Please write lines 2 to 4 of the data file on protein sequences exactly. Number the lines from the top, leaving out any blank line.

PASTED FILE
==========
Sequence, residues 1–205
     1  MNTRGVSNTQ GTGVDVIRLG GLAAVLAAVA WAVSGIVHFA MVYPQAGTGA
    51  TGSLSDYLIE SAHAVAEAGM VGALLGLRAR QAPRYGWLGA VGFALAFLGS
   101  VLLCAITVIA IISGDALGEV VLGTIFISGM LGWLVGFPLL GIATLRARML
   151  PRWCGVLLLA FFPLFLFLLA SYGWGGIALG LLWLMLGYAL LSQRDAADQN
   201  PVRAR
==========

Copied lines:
     1  MNTRGVSNTQ GTGVDVIRLG GLAAVLAAVA WAVSGIVHFA MVYPQAGTGA
    51  TGSLSDYLIE SAHAVAEAGM VGALLGLRAR QAPRYGWLGA VGFALAFLGS
   101  VLLCAITVIA IISGDALGEV VLGTIFISGM LGWLVGFPLL GIATLRARML